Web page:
Jeremiah 11:9-13 Again the LORD said to me, “There is revolt among the men of Judah and the inhabitants of Jerusalem. [10] They have turned back to the iniquities of their forefathers, who refused to hear my words; they have gone after other gods to serve them; the house of Israel and the house of Judah have broken my covenant which I made with their fathers. [11] Therefore, thus says the LORD, Behold, I am bringing evil upon them which they cannot escape; though they cry to me, I will not listen to them. [12] Then the cities of Judah and the inhabitants of Jerusalem will go and cry to the gods to whom they burn incense, but they cannot save them in the time of their trouble. [13] For your gods have become as many as your cities, O Judah; and as many as the streets of Jerusalem are the altars you have set up to shame, altars to burn incense to Ba’al. (cf. 13:10; 16:11-13; 19:1-9; 22:8-9; 35:15; 44:2-6, 15-17)

God allowed the temple to be destroyed because He had had enough of the disobedience and idolatrous compromises and hypocrisy and empty worship of too many of the Jews who worshiped there. They had to learn the hard way (so often sadly true of human beings and whole cultures), and so off they went in slavery to Babylon.

But alas, here comes Loftus “informing”us that the 6th century BC Israelites were polytheistic, as were their neighbors, as if this is some startling new insight unknown to Christians (or Jews)? It’s almost comical. It doesn’t follow at all that the actual teachings preserved in the Old Testament and the very rich Jewish oral tradition were not known and taught back then (which is, no doubt, what Loftus is driving at or insinuating). They were, but they were rejected and not followed.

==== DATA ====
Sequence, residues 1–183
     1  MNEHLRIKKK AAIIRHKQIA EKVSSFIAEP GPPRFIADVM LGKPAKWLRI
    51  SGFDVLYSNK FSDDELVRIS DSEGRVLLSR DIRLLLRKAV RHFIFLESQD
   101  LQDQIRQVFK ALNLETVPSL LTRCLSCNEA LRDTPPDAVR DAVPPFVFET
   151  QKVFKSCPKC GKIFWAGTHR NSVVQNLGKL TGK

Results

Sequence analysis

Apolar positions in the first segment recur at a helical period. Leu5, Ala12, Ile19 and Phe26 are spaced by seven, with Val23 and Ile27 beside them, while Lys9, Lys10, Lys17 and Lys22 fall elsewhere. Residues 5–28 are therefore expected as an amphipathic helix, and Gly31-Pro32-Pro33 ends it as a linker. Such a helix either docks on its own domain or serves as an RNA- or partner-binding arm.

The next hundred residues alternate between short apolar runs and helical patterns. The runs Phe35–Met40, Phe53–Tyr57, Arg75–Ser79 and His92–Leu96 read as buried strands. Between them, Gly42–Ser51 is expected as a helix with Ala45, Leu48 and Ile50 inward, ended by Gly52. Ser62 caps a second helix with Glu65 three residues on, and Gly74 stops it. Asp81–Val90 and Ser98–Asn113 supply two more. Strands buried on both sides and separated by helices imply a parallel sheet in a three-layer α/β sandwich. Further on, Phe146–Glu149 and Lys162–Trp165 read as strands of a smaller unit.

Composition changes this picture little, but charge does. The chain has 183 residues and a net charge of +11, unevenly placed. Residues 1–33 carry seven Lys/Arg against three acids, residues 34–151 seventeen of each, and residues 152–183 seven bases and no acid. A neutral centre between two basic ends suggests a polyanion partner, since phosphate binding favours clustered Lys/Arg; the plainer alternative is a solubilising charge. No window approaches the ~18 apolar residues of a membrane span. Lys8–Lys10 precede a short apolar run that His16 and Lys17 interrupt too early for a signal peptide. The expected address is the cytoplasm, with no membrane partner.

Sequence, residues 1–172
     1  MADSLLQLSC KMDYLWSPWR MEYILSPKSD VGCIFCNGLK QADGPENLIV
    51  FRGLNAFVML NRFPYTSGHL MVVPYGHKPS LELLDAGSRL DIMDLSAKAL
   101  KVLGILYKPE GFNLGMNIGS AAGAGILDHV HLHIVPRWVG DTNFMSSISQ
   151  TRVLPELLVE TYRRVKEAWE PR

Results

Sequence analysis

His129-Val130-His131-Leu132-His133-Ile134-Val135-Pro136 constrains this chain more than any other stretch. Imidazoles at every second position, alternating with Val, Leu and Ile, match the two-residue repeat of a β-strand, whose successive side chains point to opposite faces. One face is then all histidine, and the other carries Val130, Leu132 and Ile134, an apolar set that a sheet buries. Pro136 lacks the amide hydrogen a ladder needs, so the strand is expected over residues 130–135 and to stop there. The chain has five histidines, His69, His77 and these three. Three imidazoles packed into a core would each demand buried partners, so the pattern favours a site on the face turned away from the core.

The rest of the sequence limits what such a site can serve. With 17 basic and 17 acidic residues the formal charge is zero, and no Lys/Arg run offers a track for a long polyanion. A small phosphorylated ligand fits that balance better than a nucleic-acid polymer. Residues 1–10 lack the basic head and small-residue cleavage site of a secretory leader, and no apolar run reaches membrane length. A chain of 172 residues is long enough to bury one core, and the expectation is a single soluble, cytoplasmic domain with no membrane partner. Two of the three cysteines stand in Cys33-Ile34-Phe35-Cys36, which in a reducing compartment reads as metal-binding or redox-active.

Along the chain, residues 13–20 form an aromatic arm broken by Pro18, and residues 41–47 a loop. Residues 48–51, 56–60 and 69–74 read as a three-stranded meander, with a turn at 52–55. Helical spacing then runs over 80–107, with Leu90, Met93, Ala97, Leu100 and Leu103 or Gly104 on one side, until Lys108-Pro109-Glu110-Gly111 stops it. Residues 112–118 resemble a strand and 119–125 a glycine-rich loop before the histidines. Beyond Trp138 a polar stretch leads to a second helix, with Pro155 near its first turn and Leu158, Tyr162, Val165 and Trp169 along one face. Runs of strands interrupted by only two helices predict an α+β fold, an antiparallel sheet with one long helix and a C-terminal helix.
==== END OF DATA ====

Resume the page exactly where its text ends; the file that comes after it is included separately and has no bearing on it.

This, in fact, is the central theme of the entire Old Testament: the continual straying of the Jews, followed by judgment and renewal, and then cycling toward to rebellion again. It was still happening in the New Testament when most of the Jews rejected Jesus, Who was indeed their expected Messiah.

So how is it that this supposedly casts doubt on the Bible: when it is teaching exactly the same thing? I hope that Loftus will explain this if he ever interacts with these series of critiques of his book. I’ve dealt with this nonsense that the earliest “formal” Jewish belief (not what was always practiced) in the times of Abraham, Moses, and even into David’s time (1000 BC) was in fact, polytheistic, in two replies to atheist Bob Seidensticker: